Most of us ignore the electoral process except when we’re voting. We stand in line and punch the card, carefully sweeping off the chads before we put it in the box. And leave the polls believing in the validity of our vote.
Better bring some identification — and not just any identification, official though it may be — if you plan to vote in Republican-controlled states. However, if you contribute tens of millions of dollars to sway an election on Republicans’ behalf, the party will fight to keep your identity a secret.
Consider, for instance, what happened to some attempting to participate in this month’s elections in Texas. The New York Times reported that “Judge Sandra Watts was stopped while trying to vote because the name on her photo ID, the same one she had used for voter registration and identification of 52 years, did not exactly match her name in the official voter rolls.” Both Democratic state Sen. Wendy Davis and Republican Attorney General Greg Abbott — the front-runners in next year’s gubernatorial contest — encountered the same obstacle. As did Jim Wright, the 90-year-old former speaker of the U.S.
The Supreme Court’s activist conservative majority, in a 5-4 vote on June 25, threw out the provision of the 1965 Voting Rights Act which required states and localities (mostly in the Old Confederacy) to clear any changes in electoral law with the federal Department of Justice. The argument was that the criteria and standards used by Congress were obsolete. Congress is invited to revise them, but of course everyone (including the justices) knows that this Congress is too gridlocked to agree on anything of the sort.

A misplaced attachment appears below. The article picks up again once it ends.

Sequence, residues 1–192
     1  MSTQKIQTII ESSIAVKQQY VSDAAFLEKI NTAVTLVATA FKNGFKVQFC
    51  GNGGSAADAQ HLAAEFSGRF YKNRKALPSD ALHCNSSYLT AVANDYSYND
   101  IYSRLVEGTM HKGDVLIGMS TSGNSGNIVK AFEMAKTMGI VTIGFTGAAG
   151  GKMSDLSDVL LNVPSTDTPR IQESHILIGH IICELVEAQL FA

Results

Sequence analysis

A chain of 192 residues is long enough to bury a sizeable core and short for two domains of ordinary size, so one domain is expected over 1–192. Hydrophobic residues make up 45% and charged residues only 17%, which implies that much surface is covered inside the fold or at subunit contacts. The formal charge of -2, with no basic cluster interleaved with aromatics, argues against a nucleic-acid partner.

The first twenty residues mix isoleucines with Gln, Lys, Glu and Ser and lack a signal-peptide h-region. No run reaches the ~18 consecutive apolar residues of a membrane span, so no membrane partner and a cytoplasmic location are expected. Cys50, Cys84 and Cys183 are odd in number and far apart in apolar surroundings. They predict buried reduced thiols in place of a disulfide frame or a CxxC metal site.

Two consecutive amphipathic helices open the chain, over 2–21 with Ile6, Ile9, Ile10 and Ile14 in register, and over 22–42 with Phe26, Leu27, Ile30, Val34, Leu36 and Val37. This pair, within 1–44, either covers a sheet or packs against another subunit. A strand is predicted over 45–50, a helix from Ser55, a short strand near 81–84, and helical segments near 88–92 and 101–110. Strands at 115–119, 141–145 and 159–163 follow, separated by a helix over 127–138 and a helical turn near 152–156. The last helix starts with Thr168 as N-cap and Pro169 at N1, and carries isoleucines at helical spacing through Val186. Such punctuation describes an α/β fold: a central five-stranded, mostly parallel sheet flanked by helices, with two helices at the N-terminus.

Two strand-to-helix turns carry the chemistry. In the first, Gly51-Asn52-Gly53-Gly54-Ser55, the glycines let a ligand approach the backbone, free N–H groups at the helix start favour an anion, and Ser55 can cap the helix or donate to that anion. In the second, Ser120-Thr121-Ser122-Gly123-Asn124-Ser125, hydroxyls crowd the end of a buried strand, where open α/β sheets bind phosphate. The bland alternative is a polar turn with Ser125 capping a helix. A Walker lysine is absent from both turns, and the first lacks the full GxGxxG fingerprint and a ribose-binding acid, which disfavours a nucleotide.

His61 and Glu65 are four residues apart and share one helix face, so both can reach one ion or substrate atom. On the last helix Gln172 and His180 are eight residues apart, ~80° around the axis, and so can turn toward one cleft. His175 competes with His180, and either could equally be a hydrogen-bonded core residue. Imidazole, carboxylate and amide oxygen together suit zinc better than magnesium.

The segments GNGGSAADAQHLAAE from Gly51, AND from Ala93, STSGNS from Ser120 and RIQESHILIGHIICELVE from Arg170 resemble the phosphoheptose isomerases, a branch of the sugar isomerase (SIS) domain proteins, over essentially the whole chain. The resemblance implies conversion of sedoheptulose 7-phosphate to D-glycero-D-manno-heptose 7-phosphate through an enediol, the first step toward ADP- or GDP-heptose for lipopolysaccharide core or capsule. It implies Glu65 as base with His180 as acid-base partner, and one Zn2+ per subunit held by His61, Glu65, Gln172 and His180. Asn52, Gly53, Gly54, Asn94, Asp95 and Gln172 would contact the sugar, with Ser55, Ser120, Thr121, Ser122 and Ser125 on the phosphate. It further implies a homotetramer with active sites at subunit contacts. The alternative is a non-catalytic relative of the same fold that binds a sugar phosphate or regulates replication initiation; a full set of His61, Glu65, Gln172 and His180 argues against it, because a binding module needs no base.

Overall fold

But, to paraphrase the old saying, when the Court gives you lemons, make lemonade. As the Court’s opinion affirms, conditions surrounding voting in this country are now radically different than they were in 1965. The old Democratic Solid South with legal discrimination against African American voters has been replaced by a Republican hegemony that is adapted to black voting. At the same time,
Reactions to the Supreme Court’s ruling Tuesday that halts the use of a key provision in the landmark Voting Rights Act (VRA) included disappointment, motivation to continue community organizing and a sense that it was fair.
The Associated Press and Equal Voice News collected comments from elected officials and community leaders, who work directly on voter engagement issues and in key states affected by the Supreme Court’s decision.
President Barack Obama:
“I am deeply disappointed with the Supreme Court’s decision today… Today’s decision invalidating one of its core provisions upsets decades of well-established practices that help make sure voting is fair, especially in places where discrimination has been historically prevalent.”
Scott Douglas, executive director of Greater Birmingham Ministries in Alabama:
“Our deepest concern is that if a state like ours had the gall to pass voter suppression and racially-discriminatory laws under the scrutiny of Section 5 of the VRA,
During much of this, my second year of retirement, I have been reading the three volumes of Taylor Branch’s history of America during the years of Martin Luther King, Jr. and the struggle for civil rights. Those rights hinged on the capacity of African Americans to vote, which state governments across the Deep South, especially, had precluded through a combination of laws and social conventions, reinforced by white-on-black violence. Here is the author’s first paragraph of the preface to his concluding volume in the trilogy:
“Nonviolence is an orphan among democratic ideas. It has nearly vanished from public discourse even though the most basic element of free government – the vote – has no other meaning. Every ballot is a piece of nonviolence, signifying hard-won consent to raise politics above firepower and bloody conquest. Such compacts work more or less securely in different lands. Nations gain strength from vote-based institutions in commerce and civil society,